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FILE PHOTO: Thai LGBT community participates in Gay Freedom Day Parade in Bangkok, Thailand November 29, 2018.

REUTERS/Soe Zeya Tun/File Photo

Thailand Moves One Step Closer to Marriage Equality

Thailand’s House of Representatives approved a bill aiming to secure legal recognition of same-sex marriages, a historic first in Southeast Asia. It passed with overwhelming support: 400 votes in favor and 10 against. The bill will ensure all couples equal rights under the law in key areas like marital tax savings, property inheritance, medical rights, and child adoption.

Thailand is known for being one of the few safe havens for the LGBTQ+ community on a continent with historically restrictive laws. Thai law lagged public opinion, with polls showing as many as 96.6% of respondents supporting same-sex marriage legalization. The country is known internationally for its thriving, public social scene, as well as by many media watchers for their hugely popular queer “Boy Love (BL)” dramas and RuPaul’s Drag Race spinoff.

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People walk next to damaged trees in the aftermath of Hurricane Otis, in Acapulco, Mexico, on Oct. 29, 2023.

REUTERS/Quetzalli Nicte-Ha

Hard Numbers: Otis death toll mounts, Taiwanese march for marriage equality, illegal Indian migrants in the US, South Africa’s rugby win, Sweden proves No. 1

43: The death toll in Acapulco following Hurricane Otis now stands at 43. Another five were killed in nearby Coyuca de Benitez, and dozens of people remain missing. Authorities say more than 220,000 homes and 80% of the hotel sector have been damaged, while more than 513,000 people have lost power.

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Supporters of India's ruling Bharatiya Janata Party celebrate initial poll results of Gujarat state assembly election.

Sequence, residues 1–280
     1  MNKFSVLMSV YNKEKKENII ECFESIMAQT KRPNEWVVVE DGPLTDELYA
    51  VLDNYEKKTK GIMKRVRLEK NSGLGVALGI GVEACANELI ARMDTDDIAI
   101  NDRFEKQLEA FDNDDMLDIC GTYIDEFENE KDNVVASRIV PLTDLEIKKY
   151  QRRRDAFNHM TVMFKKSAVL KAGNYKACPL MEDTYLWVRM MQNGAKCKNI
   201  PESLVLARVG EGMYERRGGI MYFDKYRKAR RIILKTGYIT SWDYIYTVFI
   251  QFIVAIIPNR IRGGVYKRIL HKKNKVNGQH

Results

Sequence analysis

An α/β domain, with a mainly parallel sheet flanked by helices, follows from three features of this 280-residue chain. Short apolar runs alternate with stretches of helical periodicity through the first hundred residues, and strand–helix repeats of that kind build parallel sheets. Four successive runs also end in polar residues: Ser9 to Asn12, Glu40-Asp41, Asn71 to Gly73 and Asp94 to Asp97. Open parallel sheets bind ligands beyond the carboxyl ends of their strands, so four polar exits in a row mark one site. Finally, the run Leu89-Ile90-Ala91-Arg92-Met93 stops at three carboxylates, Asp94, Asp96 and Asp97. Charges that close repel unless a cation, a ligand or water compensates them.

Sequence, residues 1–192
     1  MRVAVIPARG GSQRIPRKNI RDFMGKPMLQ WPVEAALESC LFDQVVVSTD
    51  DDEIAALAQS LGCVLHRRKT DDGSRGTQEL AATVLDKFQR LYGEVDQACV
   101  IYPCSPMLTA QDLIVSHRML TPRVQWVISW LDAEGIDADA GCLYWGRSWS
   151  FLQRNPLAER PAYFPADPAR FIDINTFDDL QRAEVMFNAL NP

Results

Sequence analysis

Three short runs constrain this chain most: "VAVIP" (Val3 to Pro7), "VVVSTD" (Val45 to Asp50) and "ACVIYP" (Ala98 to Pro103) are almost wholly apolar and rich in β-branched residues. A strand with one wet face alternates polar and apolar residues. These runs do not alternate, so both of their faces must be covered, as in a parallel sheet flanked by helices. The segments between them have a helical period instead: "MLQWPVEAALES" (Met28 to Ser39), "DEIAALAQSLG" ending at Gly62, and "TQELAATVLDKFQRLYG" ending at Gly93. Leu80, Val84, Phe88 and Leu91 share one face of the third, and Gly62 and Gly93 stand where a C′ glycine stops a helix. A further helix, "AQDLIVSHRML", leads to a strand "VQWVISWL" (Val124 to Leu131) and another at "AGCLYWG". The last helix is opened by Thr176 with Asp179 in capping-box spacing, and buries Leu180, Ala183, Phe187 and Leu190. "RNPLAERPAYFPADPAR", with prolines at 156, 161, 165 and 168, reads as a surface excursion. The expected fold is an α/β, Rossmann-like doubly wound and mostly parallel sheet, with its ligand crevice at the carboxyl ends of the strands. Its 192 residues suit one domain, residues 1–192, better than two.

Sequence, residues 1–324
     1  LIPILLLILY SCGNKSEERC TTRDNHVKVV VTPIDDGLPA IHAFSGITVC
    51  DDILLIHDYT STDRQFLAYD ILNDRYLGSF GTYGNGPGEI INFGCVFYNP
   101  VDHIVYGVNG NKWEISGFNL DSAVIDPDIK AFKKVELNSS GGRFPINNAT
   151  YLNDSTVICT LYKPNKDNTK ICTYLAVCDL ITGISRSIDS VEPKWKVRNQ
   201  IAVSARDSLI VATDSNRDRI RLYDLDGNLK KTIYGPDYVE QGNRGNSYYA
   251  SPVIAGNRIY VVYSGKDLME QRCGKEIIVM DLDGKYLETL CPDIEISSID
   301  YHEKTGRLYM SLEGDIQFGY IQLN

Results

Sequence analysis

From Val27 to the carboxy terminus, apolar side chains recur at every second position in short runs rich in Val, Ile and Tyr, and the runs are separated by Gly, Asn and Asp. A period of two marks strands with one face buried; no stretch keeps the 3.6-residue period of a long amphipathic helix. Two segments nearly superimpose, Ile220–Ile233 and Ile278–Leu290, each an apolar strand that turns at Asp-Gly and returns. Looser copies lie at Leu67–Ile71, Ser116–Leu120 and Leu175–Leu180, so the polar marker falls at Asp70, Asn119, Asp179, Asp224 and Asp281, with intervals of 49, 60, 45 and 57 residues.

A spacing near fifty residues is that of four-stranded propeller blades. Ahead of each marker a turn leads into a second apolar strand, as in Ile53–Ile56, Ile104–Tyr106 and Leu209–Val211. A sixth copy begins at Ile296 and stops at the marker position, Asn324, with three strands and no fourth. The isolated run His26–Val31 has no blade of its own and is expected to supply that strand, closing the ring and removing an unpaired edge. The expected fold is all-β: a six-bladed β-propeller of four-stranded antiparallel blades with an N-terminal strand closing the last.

What We're Watching: India's election kick-off, US House passes Respect for Marriage Act, Iranian protester hanged

India’s general election kick-off

Two state elections in India have delivered mixed results for Prime Minister Narendra Modi, who pulled out all the stops to bolster his party in what’s widely seen as a kickoff to the 2024 general election. In the PM’s home state of Gujarat – where Modi served as the top elected official for 13 years – his Hindu nationalist Bharatiya Janata Party deepened its grip on the state, reaping more than 85% of seats in the state assembly. (Modi is accused of turning a blind eye to brutal inter-ethnic riots there in 2002 that led to more than 1,000 deaths, mostly Muslims killed by Hindu vigilantes.) Meanwhile, in northern Himachal Pradesh, the incumbent BJP lost to the main opposition National Congress Party, which has struggled on the national stage in recent years. What’s more, despite a big push to maintain its 15-year grip on the city of Delhi, Modi’s party also lost a key election in the capital to the Aam Admi Party, established in 2012 on an anti-corruption platform. Still, with these races kicking off the country’s run-up to 2024, Modi is clearly the dominant political force in India: He has a staggeringly high approval rating of 77% and has overseen a booming economy that’s on track to become the world’s third largest by 2030.

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